“One of the main selling points of online advertising is that it offers more detailed and closer to real time marketing analytics than traditional media (such as television or radio), and online advertisement sellers such as Facebook have promoted their marketing analytics as a prime reason that advertisers should purchase advertisements on their platforms.”

The complaint further states:

“analytics allows companies to make informed decisions about how to allocate their limited marketing budgets across different mediums (such as television, YouTube, or Facebook), to determine which advertising campaigns to ‘expand’ and which to ‘kill…Accordingly, it has become a standard practice in the industry for online advertisers like Facebook to include marketing analytics as part of their advertising services, and online advertising purchasers expect that any advertising they purchase will include marketing analytics to evaluate the advertising’s performance.”

According to the complaint, Facebook knows the importance of the Average Duration metric: Facebook stated, privately, in November 2013, “Currently, we only report on video plays, which is a weakness compared to YouTube, which reports on video views, completed views, and average duration of view.”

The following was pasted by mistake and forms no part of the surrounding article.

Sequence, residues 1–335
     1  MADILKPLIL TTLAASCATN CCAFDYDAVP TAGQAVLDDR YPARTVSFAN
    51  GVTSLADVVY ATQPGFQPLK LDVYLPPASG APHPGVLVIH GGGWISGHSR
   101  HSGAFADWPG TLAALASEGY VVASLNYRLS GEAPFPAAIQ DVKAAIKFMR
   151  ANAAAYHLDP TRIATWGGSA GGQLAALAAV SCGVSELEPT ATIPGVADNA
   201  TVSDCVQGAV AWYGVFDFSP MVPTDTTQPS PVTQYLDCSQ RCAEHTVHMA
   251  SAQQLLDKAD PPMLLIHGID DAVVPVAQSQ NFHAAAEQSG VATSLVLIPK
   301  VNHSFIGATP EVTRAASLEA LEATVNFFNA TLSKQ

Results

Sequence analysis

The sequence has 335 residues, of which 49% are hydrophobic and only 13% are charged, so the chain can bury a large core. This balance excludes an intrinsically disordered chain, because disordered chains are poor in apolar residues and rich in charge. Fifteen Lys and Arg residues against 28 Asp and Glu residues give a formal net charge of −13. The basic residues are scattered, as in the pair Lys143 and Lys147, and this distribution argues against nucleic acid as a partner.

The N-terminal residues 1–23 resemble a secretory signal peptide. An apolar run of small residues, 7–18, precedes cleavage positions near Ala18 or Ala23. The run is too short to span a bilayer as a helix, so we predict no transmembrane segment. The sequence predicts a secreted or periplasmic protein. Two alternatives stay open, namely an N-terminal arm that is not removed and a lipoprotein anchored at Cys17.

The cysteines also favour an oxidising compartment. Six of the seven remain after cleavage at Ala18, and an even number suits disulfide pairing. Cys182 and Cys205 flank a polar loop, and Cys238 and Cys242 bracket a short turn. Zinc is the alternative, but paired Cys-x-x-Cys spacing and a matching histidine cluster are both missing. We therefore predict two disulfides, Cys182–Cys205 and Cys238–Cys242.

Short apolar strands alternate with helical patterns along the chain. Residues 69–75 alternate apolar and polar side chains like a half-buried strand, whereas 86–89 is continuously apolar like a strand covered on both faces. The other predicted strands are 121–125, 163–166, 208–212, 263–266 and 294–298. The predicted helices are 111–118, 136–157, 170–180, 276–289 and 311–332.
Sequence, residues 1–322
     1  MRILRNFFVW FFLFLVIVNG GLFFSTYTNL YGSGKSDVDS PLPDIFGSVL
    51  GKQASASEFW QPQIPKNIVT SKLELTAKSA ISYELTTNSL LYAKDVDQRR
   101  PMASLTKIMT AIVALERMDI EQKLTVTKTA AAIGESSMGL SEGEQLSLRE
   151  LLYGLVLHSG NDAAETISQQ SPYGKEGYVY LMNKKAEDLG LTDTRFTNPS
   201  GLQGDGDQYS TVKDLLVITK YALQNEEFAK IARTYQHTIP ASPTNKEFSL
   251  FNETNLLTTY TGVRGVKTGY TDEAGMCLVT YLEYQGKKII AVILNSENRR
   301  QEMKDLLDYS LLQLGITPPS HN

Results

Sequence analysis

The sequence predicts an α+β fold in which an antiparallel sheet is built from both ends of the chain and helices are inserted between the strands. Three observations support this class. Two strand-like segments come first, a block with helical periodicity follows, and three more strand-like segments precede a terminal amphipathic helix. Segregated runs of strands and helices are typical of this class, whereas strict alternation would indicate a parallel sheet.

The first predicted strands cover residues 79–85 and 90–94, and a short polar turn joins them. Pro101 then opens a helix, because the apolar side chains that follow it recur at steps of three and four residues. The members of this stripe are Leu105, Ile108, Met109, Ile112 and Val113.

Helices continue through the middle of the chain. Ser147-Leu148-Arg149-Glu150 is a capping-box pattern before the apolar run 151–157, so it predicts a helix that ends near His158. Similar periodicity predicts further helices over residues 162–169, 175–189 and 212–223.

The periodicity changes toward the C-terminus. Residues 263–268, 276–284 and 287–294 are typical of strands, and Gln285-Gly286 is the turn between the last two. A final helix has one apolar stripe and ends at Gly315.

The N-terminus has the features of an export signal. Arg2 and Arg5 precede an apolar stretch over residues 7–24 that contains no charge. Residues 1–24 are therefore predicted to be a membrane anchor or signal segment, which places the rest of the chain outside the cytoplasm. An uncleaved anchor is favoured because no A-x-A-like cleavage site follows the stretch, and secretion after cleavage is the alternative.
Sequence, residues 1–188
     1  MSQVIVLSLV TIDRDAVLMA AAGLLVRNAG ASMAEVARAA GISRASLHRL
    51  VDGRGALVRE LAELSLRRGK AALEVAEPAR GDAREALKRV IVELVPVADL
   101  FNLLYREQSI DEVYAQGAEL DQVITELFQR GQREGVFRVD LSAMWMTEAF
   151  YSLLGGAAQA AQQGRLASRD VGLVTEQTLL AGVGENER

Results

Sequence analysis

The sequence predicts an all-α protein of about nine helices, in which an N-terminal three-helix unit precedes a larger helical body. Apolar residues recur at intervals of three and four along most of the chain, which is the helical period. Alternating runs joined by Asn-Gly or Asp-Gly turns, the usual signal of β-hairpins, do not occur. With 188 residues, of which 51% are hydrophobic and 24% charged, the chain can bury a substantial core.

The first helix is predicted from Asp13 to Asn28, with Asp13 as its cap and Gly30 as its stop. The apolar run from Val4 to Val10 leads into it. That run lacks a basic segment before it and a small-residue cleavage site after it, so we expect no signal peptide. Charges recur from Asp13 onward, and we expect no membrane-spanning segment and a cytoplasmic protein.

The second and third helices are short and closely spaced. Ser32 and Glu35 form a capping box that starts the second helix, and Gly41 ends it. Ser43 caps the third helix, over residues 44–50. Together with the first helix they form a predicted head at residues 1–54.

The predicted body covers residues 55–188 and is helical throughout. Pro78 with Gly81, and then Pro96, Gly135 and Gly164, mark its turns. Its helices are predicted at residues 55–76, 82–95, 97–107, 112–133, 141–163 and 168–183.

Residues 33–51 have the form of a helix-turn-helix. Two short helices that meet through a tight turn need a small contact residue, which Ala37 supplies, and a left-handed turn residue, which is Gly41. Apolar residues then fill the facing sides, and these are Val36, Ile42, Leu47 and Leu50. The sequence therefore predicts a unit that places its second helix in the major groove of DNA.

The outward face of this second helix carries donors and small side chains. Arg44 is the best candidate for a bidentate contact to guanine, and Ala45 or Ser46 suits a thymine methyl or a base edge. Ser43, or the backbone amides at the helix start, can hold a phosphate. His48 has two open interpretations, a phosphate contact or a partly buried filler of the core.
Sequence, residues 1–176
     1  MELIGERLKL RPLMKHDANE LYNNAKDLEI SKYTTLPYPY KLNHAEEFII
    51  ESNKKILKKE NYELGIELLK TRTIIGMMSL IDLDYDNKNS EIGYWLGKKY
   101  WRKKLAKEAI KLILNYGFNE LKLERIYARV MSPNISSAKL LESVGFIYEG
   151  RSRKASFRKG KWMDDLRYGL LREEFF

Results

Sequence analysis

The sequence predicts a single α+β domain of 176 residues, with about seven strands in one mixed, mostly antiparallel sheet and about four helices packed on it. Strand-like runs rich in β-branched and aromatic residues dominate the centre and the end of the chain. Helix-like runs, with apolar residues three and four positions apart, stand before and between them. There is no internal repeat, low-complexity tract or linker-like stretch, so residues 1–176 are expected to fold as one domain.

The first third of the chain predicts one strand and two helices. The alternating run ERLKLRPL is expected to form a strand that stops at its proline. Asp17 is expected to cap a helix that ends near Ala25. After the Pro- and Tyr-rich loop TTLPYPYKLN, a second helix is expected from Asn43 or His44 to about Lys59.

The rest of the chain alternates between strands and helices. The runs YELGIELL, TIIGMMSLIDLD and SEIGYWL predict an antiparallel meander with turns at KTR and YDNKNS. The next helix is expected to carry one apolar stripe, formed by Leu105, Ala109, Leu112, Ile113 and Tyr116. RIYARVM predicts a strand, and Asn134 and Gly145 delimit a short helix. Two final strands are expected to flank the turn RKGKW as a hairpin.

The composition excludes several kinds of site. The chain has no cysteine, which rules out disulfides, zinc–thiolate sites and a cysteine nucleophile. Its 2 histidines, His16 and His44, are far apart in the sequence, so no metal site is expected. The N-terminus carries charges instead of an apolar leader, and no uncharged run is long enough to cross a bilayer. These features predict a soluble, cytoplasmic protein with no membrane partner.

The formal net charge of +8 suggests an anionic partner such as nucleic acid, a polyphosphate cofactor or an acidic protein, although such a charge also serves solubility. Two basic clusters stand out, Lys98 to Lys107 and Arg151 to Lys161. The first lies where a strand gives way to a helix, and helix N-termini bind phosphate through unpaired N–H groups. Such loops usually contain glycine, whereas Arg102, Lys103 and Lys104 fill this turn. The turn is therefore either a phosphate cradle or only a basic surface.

Facebook’s overstatement of Average Duration, the complaint alleges, “provided Facebook with an unfair competitive advantage over other online video advertising platforms, such as Youtube.”

About Us

Gibbs Law Group is a national litigation firm representing plaintiffs in class and collective actions in state and federal courts, and in arbitration matters worldwide. The firm serves clients in securities and financial fraudantitrustconsumer protectionwhistleblowerpersonal injury, and employment cases. We are committed to achieving favorable results for all of our clients in the most expeditious and economical manner possible.

As a result, our attorneys are frequently recognized by the courts, our peers, and the legal media for their ability to provide the highest caliber of legal service. Our attorneys take pride in their ability to simplify complex issues; willingness to pursue narrow and innovative legal theories; ability to work cooperatively with other plaintiffs’ firms; and desire to outwork and outlast well-funded defense teams. Eric Gibbs was listed among the Daily Journal’s “Top 30 Plaintiff Lawyers in California for 2016,” named Law360’s “2016 Consumer Protection MVP,” and included among the “Top 100 Super Lawyers” in Northern California.

Our Reputation for Excellence

Gibbs Law Group LLP has earned Tier-1 rankings for Mass Tort and Class Action Litigation and has been named in the U.S. News – Best Lawyers “Best Law Firms” list for four consecutive years since 2013.

We have recovered over a billion dollars for our clients against the world’s largest corporations in cases concerning auto defects, drug and medical device injuries, data breaches, securities fraud, antitrust matters, and employment law violations.